The New Dependency – Natural Gas

The New Dependency – Natural Gas, the July issue of, takes a look at the success of natural gas to embed itself in the global energy system, at a time when LNG exports are rising, leading to a world pricing system. In particular, recent data shows that the United States is developing natural gas capabilities along two fronts: increasing exports not only by ship but by pipeline, while at the same time becoming more reliant itself on the resource. From this month’s issue:

US exports of natural gas in LNG form have only just begun. And yet, 2016 NG exports on annualized basis are taking off more strongly than expected, in part, from the next leg of NG pipeline exports to gas-hungry Mexico. This quieter, more incremental growth of NG exports has been building more slowly the past 2-3 years. But when we add pipeline exports to the unfolding wave of new LNG capacity, it now seems likely that total NG exports from the US will exceed all forecasts, including’, by the year 2020.

For example, the US last year was exporting, on a daily basis, 4.88 bcf/d (1718 bcf/365). This year, 2016, the US is on pace to export 5.80 bcf/d (2124/366). has been forecasting that the US will be exporting at minimum 12.82 bcf/d by the years 2020-2022. This is based on the simple calculation of approved LNG projects. But given the strong growth in natural gas by pipeline, it now seems likely the US will be exporting at least 15 bcf/d by 2020-2022 (Or, 5465 bcf annually).

The more intriguing question to ask, however, is  whether natural gas prices can really stay at current levels through that time. has been wrong, since late 2014, in asserting that the buildout of new US LNG capacity would take US NG prices higher.

What does seem clear, however, is that barring a new global recession, US NG prices have certainly seen the price lows. In the years 2016-2020 therefore, there will be a continual tug-of-war between the rollout of new global dependency on natural gas, operational expenses of the LNG infrastructure required to serve this demand growth, and the geological realities of NG supply. …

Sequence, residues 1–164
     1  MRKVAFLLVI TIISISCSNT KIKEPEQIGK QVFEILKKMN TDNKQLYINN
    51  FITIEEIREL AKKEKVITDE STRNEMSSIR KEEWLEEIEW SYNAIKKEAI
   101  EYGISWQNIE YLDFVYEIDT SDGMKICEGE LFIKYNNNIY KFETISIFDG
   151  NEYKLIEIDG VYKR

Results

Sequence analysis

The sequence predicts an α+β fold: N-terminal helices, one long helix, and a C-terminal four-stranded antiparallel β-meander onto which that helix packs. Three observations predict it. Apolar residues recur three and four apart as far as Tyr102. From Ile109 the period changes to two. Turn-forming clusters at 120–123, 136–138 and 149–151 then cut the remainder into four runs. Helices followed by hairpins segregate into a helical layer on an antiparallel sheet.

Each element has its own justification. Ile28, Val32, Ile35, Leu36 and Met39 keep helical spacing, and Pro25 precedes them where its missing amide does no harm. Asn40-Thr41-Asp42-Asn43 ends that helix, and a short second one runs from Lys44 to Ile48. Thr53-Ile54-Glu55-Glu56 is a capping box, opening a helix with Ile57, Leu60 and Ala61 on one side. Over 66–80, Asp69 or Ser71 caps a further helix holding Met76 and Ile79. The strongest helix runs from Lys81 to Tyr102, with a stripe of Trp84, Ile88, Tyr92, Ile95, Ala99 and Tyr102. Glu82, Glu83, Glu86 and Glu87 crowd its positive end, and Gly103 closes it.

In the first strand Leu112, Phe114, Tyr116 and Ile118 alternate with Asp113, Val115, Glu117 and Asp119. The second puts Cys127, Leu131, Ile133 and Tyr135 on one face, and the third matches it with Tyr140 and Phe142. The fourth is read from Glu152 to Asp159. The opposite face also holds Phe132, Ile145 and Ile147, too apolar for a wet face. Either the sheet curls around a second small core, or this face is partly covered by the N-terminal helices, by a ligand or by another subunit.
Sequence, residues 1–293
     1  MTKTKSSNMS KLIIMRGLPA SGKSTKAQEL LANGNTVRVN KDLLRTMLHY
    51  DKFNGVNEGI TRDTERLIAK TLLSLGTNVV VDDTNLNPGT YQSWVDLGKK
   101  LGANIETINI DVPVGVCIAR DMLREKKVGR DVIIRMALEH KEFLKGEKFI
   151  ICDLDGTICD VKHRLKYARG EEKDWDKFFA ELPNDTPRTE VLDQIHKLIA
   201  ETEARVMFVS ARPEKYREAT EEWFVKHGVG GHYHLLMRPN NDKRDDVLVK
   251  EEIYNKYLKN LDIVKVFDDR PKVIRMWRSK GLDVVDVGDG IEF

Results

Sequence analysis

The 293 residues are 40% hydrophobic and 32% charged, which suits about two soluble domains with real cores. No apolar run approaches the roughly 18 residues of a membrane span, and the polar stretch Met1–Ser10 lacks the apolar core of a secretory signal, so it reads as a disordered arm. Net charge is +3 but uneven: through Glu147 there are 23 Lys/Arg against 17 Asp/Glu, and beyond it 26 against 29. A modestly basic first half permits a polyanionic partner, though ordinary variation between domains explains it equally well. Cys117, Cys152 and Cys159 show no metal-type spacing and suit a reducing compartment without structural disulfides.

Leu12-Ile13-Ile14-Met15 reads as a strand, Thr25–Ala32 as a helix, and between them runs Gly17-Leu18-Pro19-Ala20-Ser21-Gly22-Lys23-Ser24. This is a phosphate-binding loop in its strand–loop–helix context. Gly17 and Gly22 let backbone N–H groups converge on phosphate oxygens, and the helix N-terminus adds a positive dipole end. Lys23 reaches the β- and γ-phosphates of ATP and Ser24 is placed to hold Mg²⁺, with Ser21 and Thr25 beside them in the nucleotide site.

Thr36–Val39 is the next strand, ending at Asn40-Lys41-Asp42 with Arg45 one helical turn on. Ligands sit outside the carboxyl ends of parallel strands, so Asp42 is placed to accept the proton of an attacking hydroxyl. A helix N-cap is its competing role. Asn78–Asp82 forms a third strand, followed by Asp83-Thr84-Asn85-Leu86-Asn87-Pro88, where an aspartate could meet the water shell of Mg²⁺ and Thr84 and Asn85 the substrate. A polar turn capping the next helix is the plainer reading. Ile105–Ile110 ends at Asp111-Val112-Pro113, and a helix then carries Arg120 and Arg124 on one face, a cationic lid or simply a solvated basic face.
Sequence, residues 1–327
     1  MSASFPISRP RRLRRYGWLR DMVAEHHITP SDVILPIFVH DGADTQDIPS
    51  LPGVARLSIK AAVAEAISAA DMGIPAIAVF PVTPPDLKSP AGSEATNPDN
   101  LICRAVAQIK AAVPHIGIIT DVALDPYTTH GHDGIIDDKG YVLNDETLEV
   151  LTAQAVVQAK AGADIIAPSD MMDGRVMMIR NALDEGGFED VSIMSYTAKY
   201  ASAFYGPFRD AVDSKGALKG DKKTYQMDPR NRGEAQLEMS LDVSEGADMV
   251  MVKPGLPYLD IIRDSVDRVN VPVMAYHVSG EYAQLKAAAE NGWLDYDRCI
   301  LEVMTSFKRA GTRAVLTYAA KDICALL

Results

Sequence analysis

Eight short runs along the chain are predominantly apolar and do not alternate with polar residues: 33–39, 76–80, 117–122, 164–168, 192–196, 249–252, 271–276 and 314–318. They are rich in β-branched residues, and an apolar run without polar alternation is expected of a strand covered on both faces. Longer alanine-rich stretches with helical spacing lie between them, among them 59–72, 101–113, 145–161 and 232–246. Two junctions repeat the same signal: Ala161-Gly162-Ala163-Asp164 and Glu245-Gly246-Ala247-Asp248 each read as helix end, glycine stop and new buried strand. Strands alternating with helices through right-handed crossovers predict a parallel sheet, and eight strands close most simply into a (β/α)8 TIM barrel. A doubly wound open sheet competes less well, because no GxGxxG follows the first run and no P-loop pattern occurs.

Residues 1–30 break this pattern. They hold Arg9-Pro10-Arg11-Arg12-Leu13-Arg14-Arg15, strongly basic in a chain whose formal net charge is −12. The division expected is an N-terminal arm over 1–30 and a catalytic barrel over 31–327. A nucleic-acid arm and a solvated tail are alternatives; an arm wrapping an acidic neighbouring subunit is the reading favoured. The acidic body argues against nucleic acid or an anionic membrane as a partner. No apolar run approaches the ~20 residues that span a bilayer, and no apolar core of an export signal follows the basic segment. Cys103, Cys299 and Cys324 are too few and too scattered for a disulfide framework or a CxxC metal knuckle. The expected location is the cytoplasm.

If you accept the proposition that natural gas prices have finally bottomed, then you might be more likely to agree with the following proposition: the production growth required between now and 2020 to serve both domestic demand and exports is large enough to finally move the price of NG higher… This risk in no way conflicts with the view that recoverable NG resources in North America are vast. Rather, it’s the pace of demand that poses such risk.

In the continuously updating Global Grid Decarb Monitor, the forecsast for power generation growth from solar is revised upward, due to better than expected deployment in the world’s solar leader: China..

Finally, The Transition Index, composed of 70% ETFs and 30% individual equities, fell to 98.30, having started the new year at a notional value of 100. The Index plays a favored super-theme of that the global economy is transitioning away from liquid fossil fuels, to the powergrid. And, that the costs of fossil fuel extraction and combustion increasingly place the energy-capture technologies of wind and solar power in a favorable position. Industrial names in the index continue to perform well in 2016, while the basket of solar equities continues to underperform.

–Gregor Macdonald, Editor of – A Journal of Energy Transition.